The three things game designers need to know are:
1. Assessment and game design are based on the same principles of learning.
2. Assessment design isn’t fundamentally about tasks and scores, but about the structure of reasoning — reasoning from what students say and do, to understand what they know and can do.
3. Designers of game-based assessments must consider key constraints of both assessment and game design right from the start.
The 488-page volume has three parts. Part one provides the background for game-based learning and assessment and discusses what game designers need to know in order to build games that also are valid and efficient tools of assessment. Part two explores new ways of evaluating learning in computer-based gaming environments that can provide both individualized assessment and feedback to learners. Part three explores the latest empirical research findings and successful examples of game-based assessment.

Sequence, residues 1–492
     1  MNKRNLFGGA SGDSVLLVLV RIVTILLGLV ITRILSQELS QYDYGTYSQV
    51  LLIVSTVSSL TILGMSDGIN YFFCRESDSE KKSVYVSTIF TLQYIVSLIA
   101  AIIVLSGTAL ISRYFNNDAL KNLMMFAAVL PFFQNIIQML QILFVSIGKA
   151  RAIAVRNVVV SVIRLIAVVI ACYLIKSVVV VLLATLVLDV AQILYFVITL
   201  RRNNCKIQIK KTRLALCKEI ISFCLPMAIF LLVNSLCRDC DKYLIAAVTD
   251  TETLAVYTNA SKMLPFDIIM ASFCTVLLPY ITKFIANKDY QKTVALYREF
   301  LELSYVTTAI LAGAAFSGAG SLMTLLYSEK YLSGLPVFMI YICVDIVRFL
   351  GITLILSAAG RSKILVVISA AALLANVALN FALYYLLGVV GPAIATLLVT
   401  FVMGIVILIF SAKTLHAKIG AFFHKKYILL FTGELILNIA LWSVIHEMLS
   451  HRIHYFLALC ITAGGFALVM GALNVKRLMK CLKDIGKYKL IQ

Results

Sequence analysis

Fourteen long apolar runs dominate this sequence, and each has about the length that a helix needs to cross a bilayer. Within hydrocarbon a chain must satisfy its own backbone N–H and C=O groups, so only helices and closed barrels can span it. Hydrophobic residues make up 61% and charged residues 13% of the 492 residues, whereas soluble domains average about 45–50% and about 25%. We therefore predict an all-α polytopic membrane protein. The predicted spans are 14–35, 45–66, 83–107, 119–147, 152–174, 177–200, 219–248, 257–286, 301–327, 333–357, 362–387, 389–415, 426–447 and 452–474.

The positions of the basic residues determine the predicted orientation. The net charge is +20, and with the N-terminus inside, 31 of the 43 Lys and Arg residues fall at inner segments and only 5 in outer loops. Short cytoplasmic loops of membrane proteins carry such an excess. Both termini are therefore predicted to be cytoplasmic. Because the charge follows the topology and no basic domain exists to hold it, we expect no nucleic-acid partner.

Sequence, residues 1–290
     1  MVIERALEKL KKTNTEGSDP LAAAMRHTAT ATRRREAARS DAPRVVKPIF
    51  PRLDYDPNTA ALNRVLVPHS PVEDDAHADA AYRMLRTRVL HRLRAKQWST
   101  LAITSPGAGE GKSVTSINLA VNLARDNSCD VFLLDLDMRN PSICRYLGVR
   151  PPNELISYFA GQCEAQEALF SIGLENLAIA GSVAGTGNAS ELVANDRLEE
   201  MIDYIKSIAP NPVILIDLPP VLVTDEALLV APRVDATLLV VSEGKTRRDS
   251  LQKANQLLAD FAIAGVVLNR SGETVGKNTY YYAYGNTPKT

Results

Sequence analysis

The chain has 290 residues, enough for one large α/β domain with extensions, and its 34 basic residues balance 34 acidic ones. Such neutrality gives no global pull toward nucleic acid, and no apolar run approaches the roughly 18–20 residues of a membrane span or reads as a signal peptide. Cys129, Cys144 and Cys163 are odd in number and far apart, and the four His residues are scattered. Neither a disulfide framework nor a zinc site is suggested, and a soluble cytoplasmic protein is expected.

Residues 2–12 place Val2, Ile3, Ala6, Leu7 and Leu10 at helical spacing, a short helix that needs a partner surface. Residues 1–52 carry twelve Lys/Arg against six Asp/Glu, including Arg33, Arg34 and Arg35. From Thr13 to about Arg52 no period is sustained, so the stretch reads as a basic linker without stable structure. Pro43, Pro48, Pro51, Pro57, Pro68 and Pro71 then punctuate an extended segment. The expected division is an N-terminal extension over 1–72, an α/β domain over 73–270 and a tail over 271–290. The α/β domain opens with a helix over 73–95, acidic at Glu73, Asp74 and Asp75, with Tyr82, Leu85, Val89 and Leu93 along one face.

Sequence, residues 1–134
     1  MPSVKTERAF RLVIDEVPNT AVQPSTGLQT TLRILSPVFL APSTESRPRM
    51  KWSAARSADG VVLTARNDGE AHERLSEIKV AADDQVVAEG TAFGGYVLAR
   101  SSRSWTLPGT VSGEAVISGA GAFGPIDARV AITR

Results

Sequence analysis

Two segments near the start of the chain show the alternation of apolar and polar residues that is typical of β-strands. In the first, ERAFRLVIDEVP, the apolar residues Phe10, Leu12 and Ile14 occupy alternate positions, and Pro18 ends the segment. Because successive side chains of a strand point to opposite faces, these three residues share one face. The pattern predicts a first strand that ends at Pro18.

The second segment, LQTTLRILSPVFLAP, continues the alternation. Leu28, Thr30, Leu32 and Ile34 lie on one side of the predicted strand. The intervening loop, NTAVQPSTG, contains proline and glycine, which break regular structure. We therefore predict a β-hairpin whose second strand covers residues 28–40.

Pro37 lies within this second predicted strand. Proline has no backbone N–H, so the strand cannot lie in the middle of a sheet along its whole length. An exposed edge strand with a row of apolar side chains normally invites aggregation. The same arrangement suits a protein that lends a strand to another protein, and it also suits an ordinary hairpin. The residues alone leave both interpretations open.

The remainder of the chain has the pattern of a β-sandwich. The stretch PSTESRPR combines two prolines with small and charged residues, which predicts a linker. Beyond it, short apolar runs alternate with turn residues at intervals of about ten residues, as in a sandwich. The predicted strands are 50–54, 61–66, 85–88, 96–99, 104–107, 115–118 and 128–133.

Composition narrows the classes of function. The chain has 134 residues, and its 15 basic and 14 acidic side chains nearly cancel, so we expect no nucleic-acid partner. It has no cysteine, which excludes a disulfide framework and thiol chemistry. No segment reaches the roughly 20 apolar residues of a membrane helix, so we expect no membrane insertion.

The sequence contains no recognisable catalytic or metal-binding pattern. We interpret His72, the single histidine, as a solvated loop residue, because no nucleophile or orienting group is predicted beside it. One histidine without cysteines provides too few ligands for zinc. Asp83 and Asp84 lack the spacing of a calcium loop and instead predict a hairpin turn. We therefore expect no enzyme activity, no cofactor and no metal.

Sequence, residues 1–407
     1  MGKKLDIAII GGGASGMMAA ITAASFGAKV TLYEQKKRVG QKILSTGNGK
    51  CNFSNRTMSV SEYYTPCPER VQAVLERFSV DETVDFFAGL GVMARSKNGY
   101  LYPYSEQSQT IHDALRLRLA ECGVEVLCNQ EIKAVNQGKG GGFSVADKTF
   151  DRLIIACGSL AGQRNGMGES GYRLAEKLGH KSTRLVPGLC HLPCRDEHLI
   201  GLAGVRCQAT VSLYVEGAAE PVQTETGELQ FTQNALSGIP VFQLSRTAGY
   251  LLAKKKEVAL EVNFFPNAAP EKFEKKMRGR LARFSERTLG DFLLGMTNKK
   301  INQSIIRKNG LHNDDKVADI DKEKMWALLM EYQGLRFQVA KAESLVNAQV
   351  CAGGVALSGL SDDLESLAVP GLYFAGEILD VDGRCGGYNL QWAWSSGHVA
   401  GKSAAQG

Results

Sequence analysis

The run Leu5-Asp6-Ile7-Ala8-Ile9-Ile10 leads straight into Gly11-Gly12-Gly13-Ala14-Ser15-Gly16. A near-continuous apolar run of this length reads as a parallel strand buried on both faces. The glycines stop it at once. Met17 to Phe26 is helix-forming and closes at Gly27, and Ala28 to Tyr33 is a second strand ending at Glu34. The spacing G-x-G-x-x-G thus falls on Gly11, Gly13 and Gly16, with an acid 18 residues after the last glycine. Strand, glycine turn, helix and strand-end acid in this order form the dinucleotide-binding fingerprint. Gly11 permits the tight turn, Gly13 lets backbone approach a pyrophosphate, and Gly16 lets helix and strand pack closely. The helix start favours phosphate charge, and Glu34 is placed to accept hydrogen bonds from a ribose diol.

At ETS, we advance quality and equity in education for people worldwide by creating assessments based on rigorous research. ETS serves individuals, educational institutions and government agencies by providing customized solutions for teacher certification, English language learning, and elementary, secondary and post-secondary education, as well as conducting education research, analysis and policy studies. Founded as a nonprofit in 1947, ETS develops, administers and scores more than 50 million tests annually — including the TOEFL® andTOEIC ® tests, the GRE ® tests and The Praxis Series™ assessments — in more than 180 countries, at over 9,000 locations worldwide.www.ets.org
A project of Institute of Play, GlassLab brings together leaders in commercial games and experts in learning and assessment to leverage digital games as powerful, data-rich learning and formative assessment environments. The Lab represents a groundbreaking collaboration between Institute of Play, the Entertainment Software Association, Electronic Arts, Educational Testing Service, Pearson’s Center for Digital Data, Analytics & Adaptive Learning and others. GlassLab is supported by the Bill & Melinda Gates Foundation and the John D. and Catherine T. MacArthur Foundation. More information is available at http://glasslabgames.org.